Nick Bosa, Josh Allen and the rest of the 2019 NFL Draft pool top the list that makes up the New York Jets big board.
Number three is a blessing and a curse. The New York Jets 2019 NFL Draft slot screams blessing, first and foremost. Selecting third in the most valued sports draft in the world is an automatic positive.
Such a positive also ups the ante.
Pressure mounts and stakes are raised. Front office executives are fired when top-three picks go awry. Incorrect selections make or break entire organizational eras.
Fortunately for Mike Maccagnan, his first round choices haven’t busted. He’s also enjoyed prime real estate within the top 10 more often than not, but choosing the right player still means the world. The lone occasion he didn’t choose in the top six in four seasons, 2016, Darron Lee was chosen at No. 20. Yes, the very same player who’s rumored to have one foot out of that Florham Park door.
Number 6 (Leonard Williams), 20 (Lee), 6 (Jamal Adams), 3 via trade (Sam Darnold), and 3 again: who will get the call in Maccagnan’s fifth go at it?
Two positions of need scream desperation: offensive line and edge. This certainty configures the Jets big board in an extremely strict fashion. “Best available player” only works to a certain degree. If the notion truly meant everything, Los Angeles Chargers safety Derwin James would have been gone by pick five last spring.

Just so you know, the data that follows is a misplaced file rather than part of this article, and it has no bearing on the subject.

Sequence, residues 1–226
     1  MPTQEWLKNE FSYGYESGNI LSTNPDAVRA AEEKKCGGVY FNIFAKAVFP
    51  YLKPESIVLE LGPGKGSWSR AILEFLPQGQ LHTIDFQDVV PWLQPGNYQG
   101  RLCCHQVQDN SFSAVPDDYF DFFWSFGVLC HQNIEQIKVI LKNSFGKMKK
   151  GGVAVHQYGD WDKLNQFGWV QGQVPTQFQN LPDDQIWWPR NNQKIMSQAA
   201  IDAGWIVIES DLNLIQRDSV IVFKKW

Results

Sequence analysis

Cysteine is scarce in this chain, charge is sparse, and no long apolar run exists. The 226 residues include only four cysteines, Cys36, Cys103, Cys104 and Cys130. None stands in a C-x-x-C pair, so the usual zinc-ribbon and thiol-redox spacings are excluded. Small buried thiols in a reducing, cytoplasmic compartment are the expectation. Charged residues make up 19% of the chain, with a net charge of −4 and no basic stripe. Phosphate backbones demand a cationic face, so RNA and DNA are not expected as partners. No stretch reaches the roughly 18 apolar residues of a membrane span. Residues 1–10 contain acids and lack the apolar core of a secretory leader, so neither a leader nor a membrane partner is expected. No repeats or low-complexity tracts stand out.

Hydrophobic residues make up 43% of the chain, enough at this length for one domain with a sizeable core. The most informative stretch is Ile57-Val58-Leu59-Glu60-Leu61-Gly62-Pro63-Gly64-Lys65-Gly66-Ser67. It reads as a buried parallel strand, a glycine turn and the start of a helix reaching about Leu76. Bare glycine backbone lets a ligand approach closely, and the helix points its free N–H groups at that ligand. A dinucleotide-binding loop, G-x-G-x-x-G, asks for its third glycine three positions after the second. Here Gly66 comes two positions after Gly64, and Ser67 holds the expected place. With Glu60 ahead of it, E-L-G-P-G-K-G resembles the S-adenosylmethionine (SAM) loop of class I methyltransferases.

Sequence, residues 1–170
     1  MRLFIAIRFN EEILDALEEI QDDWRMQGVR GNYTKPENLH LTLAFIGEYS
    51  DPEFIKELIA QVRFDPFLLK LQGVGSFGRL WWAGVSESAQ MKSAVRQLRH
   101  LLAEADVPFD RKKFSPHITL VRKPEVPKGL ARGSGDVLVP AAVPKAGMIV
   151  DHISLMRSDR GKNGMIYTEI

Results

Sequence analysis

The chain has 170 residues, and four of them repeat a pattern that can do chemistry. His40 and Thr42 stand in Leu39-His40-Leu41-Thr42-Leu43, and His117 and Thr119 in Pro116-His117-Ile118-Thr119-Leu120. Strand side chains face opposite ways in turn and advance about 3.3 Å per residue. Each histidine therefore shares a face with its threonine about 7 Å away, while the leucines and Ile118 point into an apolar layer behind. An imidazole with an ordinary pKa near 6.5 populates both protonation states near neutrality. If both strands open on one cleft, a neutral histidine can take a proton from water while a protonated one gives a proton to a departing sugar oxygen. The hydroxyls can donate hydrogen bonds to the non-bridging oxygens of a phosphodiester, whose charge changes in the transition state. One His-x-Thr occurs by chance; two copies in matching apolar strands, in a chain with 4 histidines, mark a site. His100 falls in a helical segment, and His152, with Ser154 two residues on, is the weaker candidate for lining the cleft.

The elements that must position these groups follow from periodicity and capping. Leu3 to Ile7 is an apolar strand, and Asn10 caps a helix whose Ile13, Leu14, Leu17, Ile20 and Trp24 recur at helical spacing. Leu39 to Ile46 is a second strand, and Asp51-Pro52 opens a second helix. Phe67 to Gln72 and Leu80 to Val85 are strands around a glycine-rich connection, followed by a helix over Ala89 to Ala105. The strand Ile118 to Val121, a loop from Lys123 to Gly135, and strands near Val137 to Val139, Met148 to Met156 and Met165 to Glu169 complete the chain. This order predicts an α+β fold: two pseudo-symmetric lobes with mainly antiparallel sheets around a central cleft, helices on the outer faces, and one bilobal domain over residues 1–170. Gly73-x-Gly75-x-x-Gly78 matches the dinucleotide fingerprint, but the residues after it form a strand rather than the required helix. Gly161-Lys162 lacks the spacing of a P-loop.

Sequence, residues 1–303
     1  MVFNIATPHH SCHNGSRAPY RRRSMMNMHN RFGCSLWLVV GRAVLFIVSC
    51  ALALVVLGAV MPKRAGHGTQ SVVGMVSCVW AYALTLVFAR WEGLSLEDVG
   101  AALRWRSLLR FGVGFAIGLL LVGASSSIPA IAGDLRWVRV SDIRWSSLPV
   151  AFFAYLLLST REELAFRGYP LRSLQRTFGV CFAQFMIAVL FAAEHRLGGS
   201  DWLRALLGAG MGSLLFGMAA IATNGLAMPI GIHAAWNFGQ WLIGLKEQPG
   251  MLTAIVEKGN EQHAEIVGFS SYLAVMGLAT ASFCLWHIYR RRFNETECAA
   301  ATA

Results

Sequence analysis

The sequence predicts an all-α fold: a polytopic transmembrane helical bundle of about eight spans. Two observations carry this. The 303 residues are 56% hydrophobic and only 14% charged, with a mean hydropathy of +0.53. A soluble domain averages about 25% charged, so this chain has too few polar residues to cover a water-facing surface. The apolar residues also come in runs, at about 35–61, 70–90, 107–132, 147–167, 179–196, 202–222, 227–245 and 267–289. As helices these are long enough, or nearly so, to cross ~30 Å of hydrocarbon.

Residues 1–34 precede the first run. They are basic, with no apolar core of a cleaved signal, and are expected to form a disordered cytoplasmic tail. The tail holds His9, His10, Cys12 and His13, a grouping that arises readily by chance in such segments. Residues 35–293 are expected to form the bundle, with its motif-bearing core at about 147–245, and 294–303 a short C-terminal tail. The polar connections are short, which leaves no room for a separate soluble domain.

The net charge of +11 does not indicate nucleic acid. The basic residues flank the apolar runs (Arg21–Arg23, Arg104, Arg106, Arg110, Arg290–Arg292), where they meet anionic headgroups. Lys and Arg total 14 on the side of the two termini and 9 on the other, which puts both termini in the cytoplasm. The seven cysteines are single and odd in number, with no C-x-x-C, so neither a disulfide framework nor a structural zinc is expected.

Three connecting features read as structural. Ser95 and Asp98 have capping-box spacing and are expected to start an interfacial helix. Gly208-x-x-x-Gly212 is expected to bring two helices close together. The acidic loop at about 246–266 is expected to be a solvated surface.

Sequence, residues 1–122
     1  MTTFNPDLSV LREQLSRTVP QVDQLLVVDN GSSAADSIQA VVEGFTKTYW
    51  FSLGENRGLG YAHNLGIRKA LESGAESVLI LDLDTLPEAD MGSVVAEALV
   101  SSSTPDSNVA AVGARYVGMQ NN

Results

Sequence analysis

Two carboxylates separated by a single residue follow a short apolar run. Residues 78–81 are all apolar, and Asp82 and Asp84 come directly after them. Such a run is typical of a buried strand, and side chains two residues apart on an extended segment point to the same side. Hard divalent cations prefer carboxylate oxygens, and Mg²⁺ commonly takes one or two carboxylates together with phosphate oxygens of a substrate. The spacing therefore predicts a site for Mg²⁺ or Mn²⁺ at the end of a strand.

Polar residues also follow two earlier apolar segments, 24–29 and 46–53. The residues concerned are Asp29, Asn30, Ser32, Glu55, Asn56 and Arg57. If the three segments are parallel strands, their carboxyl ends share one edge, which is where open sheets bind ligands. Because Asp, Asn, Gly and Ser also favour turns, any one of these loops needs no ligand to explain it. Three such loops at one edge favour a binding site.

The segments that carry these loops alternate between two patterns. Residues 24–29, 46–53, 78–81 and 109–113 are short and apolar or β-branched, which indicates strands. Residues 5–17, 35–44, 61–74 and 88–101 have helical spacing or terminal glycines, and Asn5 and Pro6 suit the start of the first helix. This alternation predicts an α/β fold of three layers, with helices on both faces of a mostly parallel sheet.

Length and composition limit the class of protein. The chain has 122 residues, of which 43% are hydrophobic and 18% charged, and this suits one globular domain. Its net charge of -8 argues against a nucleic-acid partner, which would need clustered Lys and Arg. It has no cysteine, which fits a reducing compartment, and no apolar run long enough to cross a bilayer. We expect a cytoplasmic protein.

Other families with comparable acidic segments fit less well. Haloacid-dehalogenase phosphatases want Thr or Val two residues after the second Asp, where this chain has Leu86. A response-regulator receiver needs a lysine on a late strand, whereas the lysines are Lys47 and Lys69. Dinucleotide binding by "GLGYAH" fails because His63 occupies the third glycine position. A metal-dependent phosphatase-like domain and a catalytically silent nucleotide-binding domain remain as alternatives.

It can be argued “best available player” has hurt New York in its football plight over the last several seasons. Drafting Big Cat when Muhammad Wilkerson and Sheldon Richardson were both in-house hilariously showcased one of the latter two attempting to play edge, just one of the areas that has remained bleak for a decade and a half.
The other is, of course, offensive line. Thanks to these harsh realities, it’s an impossibility for the 53-man depth chart to play to its full potential; never can it happen when the trenches rank among the league’s worst.
The New York Jets 2019 NFL Draft big board must come to the party with a heavy offensive line and edge focus in mind.
1. Nick Bosa: EDGE, Ohio State
The top choice has to remain Nick Bosa.
The Quinnen Williams argument makes sense; he very well may be the best talent in the pool, but the fit is nearly as nonsensical as selecting a safety here.
Bosa fits like a glove. He’s a true plug-and-play edge man who can thrive in either the 3-4 or 4-3. His 17.5 sacks and 77 total tackles in 29 collegiate games raised his stock to a “future NFL stud” degree.
Perhaps his brother’s presence helped. Maybe the injury history is a major concern. Through it all, Bosa remains atop the Jets big board. He’s the most talent-filled edge player in the pool.
The 6-foot-4, 266-pound Bosa sports a 4.79 forty-yard to go along with a 33.5 vert. His raw physical attributes are freaky and his prototypical nature is too perfect to pass.
2. Josh Allen: EDGE, Kentucky
The competition between Bosa and Josh Allen is close. Allen’s taller (6-foot-5), smaller (262 pounds) and faster (4.63 forty) than Bosa. He’s also a hometown kid (Montclair, New Jersey). Allen’s also put forth greater collegiate production than Bosa: 31 sacks in 42 games.
So why in the world would Bosa edge the man out?
Allen is a freak and can rush the passer and even get out into coverage with the best, but he lacks some of the uncoachable instincts Bosa seems to possess. He’s undisciplined at times and slow to diagnose plays.